Helping Protect Religious Freedom In Indiana

OK, let me get this straight.  Freedom Indiana has just announced their opposition to . . . wait for it . . . the Religious Freedom bill.  That’s like the American Cattleman’s Association opposing cows.  I’m not sure these dear folks thought this one all the way through.

This is similar to our local so-called Citizens for Civil Rights whose behavior over the years demonstrates that they are really only concerned for the rights of themselves and their left-leaning friends.  It seems to me that these groups ought to be more transparent in the names they choose for their organizations.  How about “Freedom Just for Those in Indiana Who Agree with Us and Everyone Else Can Take a Hike” or “Citizens Concerned Only for the Civil Rights of the Cultural Liberals”?

Why is it that progressives seem hell-bent on imposing their brand of morality — or in many cases — immorality, on everyone else by force of governmental law?  Are they that insecure about the quality of their ideals?  Doesn’t civility require — even demand an approach to community life that seeks to balance the legitimate needs, desires, and rights of a variety of world and life views?

Good men and women of faith ought to be able to practice their religious beliefs in all spheres of life without incessant harassment from those who want to live differently.  For example, a Jewish family should be able to start a video production business and choose not to make movies for the wicked pornographer down the street.  An Amish man should be able to purchase a catering company and prefer not to provide food for the area swinger’s convention.  A Muslim woman should be able to buy a wedding hall and decide to only make it available for activities she believes are consistent with her beliefs about marriage.  It’s not like the progressives have no other places to make their movies, buy their food, or hold their celebrations.

Whether it is advisable for such persons of faith to practice their religion in these ways is beside the point.  Truthfully, if I was a Christian baker, I’d make my gay neighbor the best wedding cake I possibly could out of a desire to demonstrate the love and grace of Christ.  But there is a significant difference between living that way by personal choice versus living that way by governmental coercion.  The question here is how much value we place on the religious freedom of everyone in our state, even when we find such religious expression questionable or even objectionable.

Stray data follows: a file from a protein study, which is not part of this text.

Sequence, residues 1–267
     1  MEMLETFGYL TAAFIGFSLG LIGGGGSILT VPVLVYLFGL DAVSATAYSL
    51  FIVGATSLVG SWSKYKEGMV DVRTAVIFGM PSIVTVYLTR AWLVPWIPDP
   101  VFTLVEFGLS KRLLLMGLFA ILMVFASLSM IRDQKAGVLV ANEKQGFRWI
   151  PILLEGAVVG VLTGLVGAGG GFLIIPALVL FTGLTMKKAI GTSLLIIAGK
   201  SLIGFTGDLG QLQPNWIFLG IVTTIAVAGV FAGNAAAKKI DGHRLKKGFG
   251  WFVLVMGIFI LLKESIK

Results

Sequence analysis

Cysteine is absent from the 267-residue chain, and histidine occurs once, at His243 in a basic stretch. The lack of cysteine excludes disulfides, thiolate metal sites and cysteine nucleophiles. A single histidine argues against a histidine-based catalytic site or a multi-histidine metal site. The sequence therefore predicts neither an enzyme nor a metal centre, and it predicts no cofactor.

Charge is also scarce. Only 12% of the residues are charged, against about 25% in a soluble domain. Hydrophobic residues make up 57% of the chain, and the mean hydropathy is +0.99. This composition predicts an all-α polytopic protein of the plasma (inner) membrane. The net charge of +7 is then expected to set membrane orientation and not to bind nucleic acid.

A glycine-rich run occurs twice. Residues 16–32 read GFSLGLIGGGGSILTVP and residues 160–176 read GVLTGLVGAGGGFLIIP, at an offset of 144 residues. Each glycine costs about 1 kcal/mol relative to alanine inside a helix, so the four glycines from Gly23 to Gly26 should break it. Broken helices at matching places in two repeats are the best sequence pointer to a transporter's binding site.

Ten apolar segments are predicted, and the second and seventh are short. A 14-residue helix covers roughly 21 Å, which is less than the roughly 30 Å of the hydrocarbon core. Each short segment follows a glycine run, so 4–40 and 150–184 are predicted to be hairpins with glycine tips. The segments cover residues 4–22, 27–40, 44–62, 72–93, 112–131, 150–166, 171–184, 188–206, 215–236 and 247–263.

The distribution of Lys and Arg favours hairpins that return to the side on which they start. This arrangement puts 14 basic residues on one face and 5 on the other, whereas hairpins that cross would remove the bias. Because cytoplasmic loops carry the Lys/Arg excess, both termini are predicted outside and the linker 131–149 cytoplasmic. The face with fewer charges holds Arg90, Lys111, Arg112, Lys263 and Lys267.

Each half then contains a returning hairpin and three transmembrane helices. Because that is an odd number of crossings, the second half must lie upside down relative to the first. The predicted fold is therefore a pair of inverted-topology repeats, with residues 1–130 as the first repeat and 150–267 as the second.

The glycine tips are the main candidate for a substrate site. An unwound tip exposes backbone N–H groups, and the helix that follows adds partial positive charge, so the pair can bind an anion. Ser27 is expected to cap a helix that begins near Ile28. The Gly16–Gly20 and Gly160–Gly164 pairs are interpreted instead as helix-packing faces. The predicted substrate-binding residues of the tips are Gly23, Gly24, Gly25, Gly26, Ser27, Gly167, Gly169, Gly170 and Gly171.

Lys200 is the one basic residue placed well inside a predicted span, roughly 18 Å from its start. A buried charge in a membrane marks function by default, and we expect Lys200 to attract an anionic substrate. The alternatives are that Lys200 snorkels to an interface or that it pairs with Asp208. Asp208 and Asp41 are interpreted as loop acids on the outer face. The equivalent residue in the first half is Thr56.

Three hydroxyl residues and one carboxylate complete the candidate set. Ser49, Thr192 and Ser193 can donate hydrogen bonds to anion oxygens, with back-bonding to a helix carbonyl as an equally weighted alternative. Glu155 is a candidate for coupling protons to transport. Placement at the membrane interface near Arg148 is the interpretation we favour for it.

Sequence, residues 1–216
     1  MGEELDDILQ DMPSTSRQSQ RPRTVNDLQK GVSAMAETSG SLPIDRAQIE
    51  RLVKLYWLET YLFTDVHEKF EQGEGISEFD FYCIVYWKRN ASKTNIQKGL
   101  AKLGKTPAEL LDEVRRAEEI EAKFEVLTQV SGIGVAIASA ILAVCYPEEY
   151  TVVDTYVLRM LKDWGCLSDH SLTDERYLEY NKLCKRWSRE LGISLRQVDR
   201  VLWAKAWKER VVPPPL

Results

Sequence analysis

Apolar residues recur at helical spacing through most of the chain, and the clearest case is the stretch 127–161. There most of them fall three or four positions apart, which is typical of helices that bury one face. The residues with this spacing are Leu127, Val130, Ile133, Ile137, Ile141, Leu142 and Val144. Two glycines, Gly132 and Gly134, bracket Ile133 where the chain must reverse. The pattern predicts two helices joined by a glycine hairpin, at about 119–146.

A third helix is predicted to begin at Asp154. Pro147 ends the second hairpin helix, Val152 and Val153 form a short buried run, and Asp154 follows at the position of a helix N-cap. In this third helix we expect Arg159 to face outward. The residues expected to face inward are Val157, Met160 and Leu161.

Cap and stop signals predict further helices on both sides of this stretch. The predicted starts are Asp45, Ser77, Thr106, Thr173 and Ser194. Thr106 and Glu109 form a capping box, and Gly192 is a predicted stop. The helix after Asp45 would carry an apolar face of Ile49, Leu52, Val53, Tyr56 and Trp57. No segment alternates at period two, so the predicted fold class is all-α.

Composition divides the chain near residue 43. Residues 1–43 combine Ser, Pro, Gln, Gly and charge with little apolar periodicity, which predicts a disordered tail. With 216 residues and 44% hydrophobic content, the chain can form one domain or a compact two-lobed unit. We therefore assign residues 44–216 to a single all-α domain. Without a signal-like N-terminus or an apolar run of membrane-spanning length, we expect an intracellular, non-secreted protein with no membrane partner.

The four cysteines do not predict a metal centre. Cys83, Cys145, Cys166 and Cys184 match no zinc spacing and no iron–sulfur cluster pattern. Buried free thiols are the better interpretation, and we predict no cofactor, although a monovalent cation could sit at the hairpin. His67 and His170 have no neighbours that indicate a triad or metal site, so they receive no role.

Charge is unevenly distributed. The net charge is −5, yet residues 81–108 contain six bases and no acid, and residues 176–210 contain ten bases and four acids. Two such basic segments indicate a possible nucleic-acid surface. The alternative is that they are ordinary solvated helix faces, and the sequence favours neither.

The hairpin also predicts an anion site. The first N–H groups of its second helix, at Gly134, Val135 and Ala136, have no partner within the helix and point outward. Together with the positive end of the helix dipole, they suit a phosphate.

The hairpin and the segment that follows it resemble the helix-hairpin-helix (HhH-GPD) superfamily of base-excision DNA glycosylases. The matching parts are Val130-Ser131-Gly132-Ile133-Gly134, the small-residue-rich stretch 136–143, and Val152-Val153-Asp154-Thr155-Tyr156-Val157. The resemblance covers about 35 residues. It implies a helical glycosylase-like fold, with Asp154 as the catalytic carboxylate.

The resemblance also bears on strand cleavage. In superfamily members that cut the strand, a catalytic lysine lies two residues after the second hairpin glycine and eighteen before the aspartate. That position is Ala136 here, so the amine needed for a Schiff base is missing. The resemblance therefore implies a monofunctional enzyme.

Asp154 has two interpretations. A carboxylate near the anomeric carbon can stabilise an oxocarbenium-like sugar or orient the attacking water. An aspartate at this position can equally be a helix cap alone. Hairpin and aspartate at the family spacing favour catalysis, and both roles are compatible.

Of course some will run to the tired accusation that this legislation promotes discrimination.  The challenge is — that door swings both ways.  You can either discriminate against the pornographer or discriminate against the religious person who prefers not to use his privately purchased equipment for such evil purposes.  How hard is that decision?

We saw this logical inconsistency several years ago during the public hearings regarding Faith West.  A spokesperson for the West Lafayette Human Relations Commission appeared at the final community meeting to express their views on our development and their expectations for our behavior.  This outrageous action was completely inconsistent with the group’s legal purpose and to my knowledge, is something the Human Relations Commission has never done before or since.  That is the essence of discrimination — treating someone differently or illegally based on an inherent or perceived difference, in our case–our religious beliefs.  The irony was too delicious for words — a spokesperson for the HR Commission discriminating against a church because of the unfounded concern that the church might discriminate against someone else.  I seriously considered reporting the Human Relations Commission, to itself.

What is needed in this conversation is balance — which as one wag observed — is that elusive point we all pass on the way to our next extreme.  I would encourage my friends at Freedom Indiana to reconsider your opposition to the Religious Freedom Bill.  If not, then could you at least change your name?

If you would like let your voice be heard on this issue, please contact your local legislator today.

Steve ViarsSteve Viars
Dr. Viars has served as a pastor and counselor at Faith since 1987. He is an author, national speaker, and Vice President of the Board of Directors for the Biblical Counseling Coalition.
  • Taylor

    I appreciate what you said about being a Christian baker. It is nice to know that you would extend this kindheartedness to your gay neighbors. That seems to show that you care about people, regardless of what the government says you are “allowed” to do. This also seems to be consistent with the Romans 12 suggestion, “If your enemy is hungry; feed him.”

    However, I would suggest the specific language in this bill is crucial. I would agree that allowing a photographer to turn down a gay wedding is within the bounds of religious freedom. However, allowing a courthouse worker the option to not officiate homosexual marriages seems to cross an important boundary. When you are in a public position, there is a certain amount of moral flexibility that should be required. Can a physician refuse to treat a man with HIV? Can a bank deny a loan to an unwed couple? Can an Emergency Room leave a birthing unwed mother out in the cold because they don’t agree with her lifestyle choices?